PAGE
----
You may be inspired to research your family history after watching “Who Do You Think You Are” or “The African-Americans: Many Rivers to Cross.” The Denver Public Library is here to help you in your quest.
Everyone begins the same.
- identify facts about those who came before you
- find their dates and places of birth, marriages, divorces, and death.
- gather the same information about your aunts and uncles and previous generations of aunts and uncles.
- A network of family and extended family members develops.
Interview family members to see what information is already known.
- A cousin may be working on a family history
- They may have newspaper clippings of weddings and anniversaries photographs and Bible records.
- They will have stories to share about their own lives and what other relatives have done in their lives.
Organize your findings using two basic forms.
Take a genealogy class. Attend the Beginners Genealogy Class the second Saturday of most months, and the Special Interest Classes the third Saturday of most months. They are free and open to everyone.
You will learn basic research methods and be introduced to various records such as home sources, interview techniques, vital, census, land, tax, cemetery, and military records.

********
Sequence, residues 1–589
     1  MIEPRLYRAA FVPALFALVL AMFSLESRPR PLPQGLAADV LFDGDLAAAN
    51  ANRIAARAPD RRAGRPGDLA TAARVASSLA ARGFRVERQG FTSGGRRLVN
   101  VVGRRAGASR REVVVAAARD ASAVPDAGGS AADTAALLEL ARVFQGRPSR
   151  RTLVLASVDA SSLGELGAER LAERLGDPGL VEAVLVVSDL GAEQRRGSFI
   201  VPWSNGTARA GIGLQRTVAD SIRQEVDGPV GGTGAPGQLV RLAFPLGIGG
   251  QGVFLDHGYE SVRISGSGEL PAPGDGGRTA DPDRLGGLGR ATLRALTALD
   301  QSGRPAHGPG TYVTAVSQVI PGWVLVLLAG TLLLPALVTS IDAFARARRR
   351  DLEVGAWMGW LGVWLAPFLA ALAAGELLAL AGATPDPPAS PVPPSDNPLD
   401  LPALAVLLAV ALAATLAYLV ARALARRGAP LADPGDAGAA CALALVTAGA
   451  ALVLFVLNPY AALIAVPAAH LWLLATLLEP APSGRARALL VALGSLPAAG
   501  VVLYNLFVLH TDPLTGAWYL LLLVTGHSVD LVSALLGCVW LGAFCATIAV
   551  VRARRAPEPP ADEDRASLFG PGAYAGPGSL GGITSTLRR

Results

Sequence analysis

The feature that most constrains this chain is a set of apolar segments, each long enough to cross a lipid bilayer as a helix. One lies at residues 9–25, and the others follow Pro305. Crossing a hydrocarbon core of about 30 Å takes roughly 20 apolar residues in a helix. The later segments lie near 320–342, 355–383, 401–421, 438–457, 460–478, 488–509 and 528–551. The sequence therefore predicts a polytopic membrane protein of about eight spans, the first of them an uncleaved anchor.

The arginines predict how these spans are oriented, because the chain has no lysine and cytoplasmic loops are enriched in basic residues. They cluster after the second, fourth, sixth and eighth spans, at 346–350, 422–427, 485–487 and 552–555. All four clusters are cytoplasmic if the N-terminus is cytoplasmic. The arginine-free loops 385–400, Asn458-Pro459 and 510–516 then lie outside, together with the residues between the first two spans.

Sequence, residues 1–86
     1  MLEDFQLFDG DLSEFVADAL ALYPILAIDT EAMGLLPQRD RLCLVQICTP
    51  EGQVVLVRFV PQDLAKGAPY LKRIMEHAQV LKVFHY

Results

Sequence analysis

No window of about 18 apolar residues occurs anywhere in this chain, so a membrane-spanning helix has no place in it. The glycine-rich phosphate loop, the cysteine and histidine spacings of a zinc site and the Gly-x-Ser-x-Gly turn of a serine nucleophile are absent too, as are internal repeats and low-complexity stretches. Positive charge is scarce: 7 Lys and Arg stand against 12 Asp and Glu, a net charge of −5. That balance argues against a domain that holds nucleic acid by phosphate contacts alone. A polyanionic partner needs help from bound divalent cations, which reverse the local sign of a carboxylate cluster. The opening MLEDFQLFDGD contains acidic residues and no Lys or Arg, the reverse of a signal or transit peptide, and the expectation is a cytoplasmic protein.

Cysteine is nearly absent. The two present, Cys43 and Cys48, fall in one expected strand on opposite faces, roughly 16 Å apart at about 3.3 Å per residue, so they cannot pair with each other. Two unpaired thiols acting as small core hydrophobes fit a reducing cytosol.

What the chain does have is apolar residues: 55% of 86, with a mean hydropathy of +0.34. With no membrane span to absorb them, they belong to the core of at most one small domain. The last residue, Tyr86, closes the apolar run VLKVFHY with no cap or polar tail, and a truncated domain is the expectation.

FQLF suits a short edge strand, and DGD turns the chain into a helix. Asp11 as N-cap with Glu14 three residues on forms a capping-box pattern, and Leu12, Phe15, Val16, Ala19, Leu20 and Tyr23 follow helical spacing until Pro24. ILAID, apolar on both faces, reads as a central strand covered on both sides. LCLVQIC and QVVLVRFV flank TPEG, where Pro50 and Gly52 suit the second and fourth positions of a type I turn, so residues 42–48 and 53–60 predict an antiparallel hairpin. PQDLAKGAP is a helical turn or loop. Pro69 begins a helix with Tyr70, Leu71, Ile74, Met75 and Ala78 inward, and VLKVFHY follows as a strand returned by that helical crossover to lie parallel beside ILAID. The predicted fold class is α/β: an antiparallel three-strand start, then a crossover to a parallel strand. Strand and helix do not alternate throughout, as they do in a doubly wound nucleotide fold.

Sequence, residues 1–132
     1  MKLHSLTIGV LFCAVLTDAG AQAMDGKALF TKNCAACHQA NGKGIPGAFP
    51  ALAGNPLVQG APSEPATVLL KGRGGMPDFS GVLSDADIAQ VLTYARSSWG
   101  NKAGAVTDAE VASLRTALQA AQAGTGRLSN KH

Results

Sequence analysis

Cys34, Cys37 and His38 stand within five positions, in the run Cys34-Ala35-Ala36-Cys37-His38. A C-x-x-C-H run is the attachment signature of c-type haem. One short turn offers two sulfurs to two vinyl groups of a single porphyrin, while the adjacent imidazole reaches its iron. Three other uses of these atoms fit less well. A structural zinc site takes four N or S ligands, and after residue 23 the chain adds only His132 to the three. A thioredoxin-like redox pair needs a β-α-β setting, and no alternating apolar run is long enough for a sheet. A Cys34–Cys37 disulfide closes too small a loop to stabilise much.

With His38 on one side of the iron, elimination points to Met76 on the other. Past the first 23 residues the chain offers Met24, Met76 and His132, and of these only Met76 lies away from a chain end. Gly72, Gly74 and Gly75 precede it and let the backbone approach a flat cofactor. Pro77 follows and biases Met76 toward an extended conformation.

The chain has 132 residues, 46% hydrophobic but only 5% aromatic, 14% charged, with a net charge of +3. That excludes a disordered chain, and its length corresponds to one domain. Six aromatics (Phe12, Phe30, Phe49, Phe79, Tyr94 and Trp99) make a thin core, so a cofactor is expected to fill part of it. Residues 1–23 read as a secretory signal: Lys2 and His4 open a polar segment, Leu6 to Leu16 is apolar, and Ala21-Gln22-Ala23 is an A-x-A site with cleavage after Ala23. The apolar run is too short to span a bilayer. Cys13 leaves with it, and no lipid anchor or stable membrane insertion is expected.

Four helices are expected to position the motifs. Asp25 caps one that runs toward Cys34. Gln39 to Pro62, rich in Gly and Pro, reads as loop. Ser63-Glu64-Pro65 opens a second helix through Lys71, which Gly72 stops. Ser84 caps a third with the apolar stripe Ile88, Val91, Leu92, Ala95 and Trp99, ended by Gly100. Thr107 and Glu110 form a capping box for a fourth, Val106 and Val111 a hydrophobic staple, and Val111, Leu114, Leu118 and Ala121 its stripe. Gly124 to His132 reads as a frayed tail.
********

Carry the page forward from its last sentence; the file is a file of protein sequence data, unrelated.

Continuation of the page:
The Denver Public Library has a great genealogy collection and western local history collection. The staff is ready and waiting to help you explore your roots.
Our collection emphasizes United States genealogy.
- Explore county histories, church anniversary booklets, high school yearbooks, compiled cemetery listings, tax lists, and census records.
- Discover military records and hereditary and lineage society publications. Open compiled genealogies and family histories.
- Look at maps, atlases and place name guides. Read articles from genealogy and historical society publications such as journals, quarterlies, magazines and newsletters.
- Scroll through electronic subscription and free web sites dedicated to genealogy and history.